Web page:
Nonprofit hospitals and health care systems in the U.S. raised over $8.9 billion in fiscal 2012, unchanged from a year earlier and 7 percent more than in fiscal 2010, a new report says.
The biggest sources of philanthropy in fiscal 2012 for those institutions were major gifts, grants from corporations and foundations, and annual giving, with each of those strategies generating about 20 percent of donated dollars, says the 2012 AHP Report on Giving from the Association for Healthcare Philanthropy.
Special events accounted for 14.9 percent of donations, and planned giving accounted for 9.5 percent.
Four of five organizations with fundraising expenses of at least $2 million, and organizations that employed seven or more full-time direct fundraising staff, were in the top 25 percent of health care organizations based on total fundraising “production,” says the report, which was based on a survey of nearly 1,700 institutions.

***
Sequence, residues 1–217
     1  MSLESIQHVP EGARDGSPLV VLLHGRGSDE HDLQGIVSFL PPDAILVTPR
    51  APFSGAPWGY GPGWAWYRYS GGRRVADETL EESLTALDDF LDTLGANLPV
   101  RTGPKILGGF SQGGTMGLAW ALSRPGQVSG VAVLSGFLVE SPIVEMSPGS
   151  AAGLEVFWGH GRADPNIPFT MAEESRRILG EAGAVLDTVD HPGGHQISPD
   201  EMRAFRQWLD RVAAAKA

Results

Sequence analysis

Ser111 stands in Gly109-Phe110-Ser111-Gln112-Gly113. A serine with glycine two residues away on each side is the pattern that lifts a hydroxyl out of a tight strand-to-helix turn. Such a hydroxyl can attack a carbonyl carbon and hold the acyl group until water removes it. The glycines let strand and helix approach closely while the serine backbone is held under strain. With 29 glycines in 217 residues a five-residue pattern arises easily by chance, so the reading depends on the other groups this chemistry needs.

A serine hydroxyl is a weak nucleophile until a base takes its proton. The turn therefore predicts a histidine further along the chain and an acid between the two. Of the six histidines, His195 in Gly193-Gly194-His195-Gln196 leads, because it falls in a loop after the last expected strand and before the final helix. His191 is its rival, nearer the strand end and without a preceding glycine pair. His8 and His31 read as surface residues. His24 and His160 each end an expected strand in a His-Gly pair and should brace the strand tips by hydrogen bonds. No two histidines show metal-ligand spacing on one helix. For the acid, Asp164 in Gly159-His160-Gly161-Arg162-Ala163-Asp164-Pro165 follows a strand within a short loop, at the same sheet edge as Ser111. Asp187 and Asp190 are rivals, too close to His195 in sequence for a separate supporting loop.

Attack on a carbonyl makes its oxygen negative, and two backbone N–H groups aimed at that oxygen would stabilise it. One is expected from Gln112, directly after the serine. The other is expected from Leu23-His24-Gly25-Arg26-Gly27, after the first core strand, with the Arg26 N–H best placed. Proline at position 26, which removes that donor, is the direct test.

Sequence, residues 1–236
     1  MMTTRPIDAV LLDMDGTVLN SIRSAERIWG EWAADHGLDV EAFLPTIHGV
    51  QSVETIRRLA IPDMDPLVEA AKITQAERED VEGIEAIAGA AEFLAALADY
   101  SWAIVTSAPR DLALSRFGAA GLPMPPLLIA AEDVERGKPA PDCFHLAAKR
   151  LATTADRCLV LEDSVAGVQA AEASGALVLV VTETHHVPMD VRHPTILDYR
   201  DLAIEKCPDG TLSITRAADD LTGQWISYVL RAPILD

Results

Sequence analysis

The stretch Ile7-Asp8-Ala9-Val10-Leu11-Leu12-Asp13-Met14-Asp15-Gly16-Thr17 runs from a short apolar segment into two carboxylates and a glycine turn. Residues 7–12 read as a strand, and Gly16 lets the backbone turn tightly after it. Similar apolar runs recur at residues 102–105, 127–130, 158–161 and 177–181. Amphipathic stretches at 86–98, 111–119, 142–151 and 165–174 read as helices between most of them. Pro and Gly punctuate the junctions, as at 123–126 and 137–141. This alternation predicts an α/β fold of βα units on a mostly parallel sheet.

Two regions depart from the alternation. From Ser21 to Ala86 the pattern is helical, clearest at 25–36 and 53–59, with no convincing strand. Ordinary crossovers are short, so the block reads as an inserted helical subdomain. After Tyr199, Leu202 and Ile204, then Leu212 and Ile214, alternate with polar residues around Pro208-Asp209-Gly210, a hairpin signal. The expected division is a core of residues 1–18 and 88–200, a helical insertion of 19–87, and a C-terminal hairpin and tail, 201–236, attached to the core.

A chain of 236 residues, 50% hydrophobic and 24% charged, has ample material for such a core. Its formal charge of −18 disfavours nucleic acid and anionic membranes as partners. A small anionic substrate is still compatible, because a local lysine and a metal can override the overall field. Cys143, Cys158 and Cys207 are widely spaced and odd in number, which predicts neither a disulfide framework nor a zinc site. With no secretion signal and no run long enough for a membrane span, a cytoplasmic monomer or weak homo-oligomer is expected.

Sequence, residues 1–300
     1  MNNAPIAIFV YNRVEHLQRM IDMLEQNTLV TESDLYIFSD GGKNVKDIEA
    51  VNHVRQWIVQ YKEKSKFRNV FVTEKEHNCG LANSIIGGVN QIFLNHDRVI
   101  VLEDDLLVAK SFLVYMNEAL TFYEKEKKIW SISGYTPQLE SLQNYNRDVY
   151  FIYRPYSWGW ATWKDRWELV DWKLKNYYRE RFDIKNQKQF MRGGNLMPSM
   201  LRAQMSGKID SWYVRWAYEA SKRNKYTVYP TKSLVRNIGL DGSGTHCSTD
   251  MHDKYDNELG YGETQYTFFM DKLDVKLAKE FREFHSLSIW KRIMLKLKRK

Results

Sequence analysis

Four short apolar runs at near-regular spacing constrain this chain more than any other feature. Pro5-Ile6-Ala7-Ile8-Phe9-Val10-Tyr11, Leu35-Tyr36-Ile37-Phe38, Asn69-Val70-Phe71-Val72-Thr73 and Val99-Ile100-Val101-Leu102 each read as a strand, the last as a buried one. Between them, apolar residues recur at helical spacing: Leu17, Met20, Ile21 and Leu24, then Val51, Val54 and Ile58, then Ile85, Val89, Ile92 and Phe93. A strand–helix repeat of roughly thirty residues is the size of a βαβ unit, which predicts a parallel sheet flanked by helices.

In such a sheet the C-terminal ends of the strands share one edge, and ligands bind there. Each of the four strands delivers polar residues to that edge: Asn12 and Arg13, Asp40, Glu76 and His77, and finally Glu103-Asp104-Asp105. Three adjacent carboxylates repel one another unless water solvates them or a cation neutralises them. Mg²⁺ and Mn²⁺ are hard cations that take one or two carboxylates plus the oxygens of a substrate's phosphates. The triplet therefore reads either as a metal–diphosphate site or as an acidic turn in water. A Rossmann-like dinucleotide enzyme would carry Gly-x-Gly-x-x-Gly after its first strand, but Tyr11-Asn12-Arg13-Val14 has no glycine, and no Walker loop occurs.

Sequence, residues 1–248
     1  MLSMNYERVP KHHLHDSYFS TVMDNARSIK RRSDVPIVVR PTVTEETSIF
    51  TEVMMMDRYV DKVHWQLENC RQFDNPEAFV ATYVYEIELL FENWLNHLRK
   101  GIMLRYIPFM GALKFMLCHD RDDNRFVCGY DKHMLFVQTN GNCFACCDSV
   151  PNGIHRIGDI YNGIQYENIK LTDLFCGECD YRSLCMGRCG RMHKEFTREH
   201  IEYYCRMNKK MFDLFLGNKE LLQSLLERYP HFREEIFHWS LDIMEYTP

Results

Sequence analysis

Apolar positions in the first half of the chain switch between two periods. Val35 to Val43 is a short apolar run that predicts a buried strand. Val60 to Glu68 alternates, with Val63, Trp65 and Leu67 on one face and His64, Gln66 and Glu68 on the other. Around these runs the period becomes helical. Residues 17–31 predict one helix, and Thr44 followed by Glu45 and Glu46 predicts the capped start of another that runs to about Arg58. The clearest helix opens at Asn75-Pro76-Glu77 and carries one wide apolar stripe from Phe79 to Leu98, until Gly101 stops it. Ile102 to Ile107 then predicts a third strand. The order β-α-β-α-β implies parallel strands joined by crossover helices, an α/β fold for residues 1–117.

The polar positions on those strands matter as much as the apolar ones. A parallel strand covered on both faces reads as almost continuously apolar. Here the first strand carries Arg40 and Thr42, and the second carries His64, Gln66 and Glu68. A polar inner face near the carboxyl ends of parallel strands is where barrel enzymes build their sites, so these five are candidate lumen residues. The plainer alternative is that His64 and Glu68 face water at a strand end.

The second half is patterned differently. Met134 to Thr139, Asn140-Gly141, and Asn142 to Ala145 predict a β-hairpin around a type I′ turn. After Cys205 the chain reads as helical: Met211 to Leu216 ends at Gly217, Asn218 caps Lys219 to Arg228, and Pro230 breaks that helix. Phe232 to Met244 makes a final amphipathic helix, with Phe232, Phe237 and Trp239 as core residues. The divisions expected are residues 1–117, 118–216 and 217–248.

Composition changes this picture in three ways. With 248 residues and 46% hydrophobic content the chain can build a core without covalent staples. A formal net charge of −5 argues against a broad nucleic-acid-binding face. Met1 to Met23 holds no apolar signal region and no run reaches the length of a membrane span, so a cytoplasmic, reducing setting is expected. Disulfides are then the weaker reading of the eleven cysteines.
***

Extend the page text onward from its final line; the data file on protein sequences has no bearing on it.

Among the most successful development programs, it says, major gifts accounted for nearly a third of all donations, annual giving accounted for less than a fifth of all donations, and contributions from corporations and foundations accounted for 24.1 percent.
For every dollar spent on fundraising programs, the median return on investment was $3.22 in fiscal 2012, down 2 cents from fiscal 2011.
The cost to raise a dollar was flat at a median of 31 cents.
Among all institutions surveyed, roughly 25 percent of funds contributed were used to pay for construction and renovation projects, compared to 21 percent for patient care programs, 12.9 percent for capital equipment purchases, and 10.8 percent for general operations.
At teaching and academic hospitals and children’s hospitals, 16 cents for every dollar raised went toward medical research, compared to less than 6 cents per dollar among all institutions surveyed.
Among all institutions, 4.2 percent of donations, on average, were spent on charitable care, compared to 10.3 percent at children’s hospitals, 5.5 percent at tertiary hospitals, and 4.4 percent at community hospitals.
— Todd Cohen